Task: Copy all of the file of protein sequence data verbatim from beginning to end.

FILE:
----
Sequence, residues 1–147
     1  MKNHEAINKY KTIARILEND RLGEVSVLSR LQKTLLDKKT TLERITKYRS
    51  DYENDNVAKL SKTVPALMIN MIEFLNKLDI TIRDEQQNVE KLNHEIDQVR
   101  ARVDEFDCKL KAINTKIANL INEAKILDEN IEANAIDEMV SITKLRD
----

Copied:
Sequence, residues 1–147
     1  MKNHEAINKY KTIARILEND RLGEVSVLSR LQKTLLDKKT TLERITKYRS
    51  DYENDNVAKL SKTVPALMIN MIEFLNKLDI TIRDEQQNVE KLNHEIDQVR
   101  ARVDEFDCKL KAINTKIANL INEAKILDEN IEANAIDEMV SITKLRD